Originally Posted by Optimus_Prime_
Batman may have produced some great(er) works of fiction, but Transformers always has and always will be mindless entertainment. It's a somewhat unique premise that's ultimate plot is very predictable and redundant. Giant robots start war, war continues, Autobots and Decepticons fight for resources, war comes to Earth...lather, rinse, repeat. I know you think because the characters were memorable to you at five it was brilliant, but it wasn't. There wasn't some intricate psychology behind Optimus and Megatron's rivalry. It was simple good versus simple evil. You're making the same mistake so many nerds make: they assume everyone else recognizes their properties brilliance and assumes because they see it, it must be there. It's a little silly. I mean c'mon, Optimus is a caricature of John Wayne. Jazz and Blaster rhyme and jive talk. Bumblebee is a loveable little love bug. Most of this is colorful nonsense. None of this is the breeding ground for great Sci-Fi like Inception.
So no, trying to appreciate something for it is rather than what you think it is is definitely not lazy.
See, that's such a lazy attitude. I've actually never been a Transformers fan (cartoon or otherwise), but I can see when there is potential in a property to be great, if treated correctly. Heck, most anything has potential, but we still get stuff like "Smurfs". *sigh*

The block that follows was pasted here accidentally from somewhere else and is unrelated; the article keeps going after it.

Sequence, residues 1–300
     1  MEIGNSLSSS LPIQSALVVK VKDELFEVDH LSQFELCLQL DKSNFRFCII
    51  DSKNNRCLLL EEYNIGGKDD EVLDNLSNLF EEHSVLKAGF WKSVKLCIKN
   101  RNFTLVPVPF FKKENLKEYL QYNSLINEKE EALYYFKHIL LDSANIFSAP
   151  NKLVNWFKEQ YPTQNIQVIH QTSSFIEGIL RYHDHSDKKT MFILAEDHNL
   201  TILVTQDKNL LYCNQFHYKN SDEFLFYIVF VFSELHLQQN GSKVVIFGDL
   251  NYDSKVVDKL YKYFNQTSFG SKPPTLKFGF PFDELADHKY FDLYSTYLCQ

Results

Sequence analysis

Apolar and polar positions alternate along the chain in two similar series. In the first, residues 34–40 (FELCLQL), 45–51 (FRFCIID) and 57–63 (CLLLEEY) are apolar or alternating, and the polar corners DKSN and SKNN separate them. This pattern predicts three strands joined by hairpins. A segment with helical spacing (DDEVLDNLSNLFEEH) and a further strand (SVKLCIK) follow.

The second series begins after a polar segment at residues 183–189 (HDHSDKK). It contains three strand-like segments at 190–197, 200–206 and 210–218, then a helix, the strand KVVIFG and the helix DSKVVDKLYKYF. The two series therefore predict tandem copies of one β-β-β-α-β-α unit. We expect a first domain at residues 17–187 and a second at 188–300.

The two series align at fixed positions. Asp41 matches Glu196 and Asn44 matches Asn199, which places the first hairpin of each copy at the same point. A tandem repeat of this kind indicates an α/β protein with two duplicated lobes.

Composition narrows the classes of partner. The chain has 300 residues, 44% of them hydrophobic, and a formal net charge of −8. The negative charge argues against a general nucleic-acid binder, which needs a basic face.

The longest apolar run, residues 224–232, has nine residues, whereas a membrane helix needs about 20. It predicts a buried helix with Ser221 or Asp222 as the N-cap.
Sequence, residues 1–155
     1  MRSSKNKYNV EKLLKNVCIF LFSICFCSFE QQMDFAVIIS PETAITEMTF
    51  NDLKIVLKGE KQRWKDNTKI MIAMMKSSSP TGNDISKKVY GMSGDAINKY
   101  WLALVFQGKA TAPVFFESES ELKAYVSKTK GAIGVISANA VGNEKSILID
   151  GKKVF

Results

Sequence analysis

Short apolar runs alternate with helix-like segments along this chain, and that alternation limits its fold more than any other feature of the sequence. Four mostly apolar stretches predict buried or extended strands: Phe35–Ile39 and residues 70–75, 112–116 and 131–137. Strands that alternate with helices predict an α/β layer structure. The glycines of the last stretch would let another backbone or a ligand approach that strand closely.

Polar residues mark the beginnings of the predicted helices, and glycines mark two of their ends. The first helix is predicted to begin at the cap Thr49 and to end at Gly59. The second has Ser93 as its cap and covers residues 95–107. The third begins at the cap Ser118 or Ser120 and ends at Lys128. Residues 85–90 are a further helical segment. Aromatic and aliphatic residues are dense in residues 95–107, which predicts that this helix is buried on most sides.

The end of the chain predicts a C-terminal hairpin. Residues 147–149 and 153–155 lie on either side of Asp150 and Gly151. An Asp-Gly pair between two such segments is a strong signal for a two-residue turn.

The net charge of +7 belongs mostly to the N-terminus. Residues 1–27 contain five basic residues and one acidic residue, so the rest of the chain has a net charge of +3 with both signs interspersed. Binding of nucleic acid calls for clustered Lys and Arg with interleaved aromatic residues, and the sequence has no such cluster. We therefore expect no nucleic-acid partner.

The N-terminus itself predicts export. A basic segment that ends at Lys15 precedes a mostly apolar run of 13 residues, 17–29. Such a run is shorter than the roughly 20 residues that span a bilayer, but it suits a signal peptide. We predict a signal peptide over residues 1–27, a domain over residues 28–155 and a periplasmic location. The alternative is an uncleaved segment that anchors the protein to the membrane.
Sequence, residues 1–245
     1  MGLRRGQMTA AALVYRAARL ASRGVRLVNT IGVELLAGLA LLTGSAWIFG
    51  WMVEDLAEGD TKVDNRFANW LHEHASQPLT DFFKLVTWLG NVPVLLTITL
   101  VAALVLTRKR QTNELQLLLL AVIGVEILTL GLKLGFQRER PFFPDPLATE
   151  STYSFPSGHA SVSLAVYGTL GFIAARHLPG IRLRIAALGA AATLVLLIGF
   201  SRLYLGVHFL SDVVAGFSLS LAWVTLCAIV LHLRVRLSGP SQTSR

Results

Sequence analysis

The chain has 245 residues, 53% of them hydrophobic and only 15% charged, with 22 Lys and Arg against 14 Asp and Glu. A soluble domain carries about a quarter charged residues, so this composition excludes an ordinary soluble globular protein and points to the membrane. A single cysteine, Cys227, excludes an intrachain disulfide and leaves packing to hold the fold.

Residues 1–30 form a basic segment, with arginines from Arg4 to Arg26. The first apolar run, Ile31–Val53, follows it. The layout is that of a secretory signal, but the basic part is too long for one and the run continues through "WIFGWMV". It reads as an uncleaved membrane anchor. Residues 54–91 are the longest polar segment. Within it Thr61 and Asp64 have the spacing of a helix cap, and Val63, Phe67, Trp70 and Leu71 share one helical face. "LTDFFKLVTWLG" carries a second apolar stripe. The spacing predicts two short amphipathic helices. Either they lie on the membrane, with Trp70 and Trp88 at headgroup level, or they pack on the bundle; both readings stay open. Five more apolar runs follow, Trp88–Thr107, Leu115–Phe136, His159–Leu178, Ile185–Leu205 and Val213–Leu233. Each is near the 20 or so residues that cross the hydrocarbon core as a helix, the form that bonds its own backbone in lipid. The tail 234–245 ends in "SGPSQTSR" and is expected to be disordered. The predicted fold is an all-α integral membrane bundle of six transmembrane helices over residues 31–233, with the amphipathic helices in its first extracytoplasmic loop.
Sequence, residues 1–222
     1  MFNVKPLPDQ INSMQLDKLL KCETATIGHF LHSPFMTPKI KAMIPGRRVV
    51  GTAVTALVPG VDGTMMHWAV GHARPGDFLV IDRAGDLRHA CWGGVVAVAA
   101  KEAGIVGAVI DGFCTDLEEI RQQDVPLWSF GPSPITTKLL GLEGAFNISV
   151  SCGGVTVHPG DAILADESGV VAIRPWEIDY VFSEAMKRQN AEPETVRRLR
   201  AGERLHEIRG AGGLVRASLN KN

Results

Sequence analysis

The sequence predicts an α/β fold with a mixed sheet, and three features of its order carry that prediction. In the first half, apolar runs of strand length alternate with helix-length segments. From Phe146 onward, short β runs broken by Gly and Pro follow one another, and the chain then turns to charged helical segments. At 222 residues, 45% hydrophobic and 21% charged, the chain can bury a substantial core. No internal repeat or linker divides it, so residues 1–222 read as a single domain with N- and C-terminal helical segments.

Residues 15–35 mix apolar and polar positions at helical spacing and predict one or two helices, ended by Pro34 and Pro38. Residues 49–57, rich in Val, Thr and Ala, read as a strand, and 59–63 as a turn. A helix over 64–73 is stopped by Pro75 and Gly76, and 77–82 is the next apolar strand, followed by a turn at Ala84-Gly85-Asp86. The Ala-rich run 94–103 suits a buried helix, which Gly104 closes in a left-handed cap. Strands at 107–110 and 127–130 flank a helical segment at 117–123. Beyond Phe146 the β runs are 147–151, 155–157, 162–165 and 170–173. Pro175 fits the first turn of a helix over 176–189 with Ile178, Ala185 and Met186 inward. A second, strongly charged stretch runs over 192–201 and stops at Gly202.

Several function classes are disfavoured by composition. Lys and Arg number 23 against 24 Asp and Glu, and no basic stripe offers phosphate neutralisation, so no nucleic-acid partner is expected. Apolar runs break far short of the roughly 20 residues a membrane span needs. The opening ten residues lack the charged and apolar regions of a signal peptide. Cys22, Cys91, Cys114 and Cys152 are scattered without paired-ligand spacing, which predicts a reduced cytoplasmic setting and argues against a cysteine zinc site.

The way you described Transformers: Giant robot ware, rinse, repeat, etc... You could easily say the same thing about Batman: Guy in bat-suit fights colorful bad guys, rinse, repeat. Pretty good excuse for a mindless action flick, right?
Joel Schumacher showed how to do it WRONG. He dumbed it down and made it for the lowest common denominator. Christopher Nolan was creative and innovative and saw the potential in the character to do something great...and he did. All it takes is a little insight and thoughtfulness.
I still offer TDK and Inception as the gold standard for a summer blockbuster thus far (which isn't to say I don't enjoy action movies from time to time, but those were pretty great for what they were).
Take a look at the movie Wall-E. It's about robots, right? The first half of the movie has ZERO dialogue with two robots interacting and it was still interesting. It's called storytelling. Pixar does it well, sub-par film makers (Michael Bay) haven't got a clue. I'm not saying that Transformers should have been like Wall-E, but perhaps Bay should have taken a note from Pixar regarding how to tell a good, insightful story with characters you actually care about.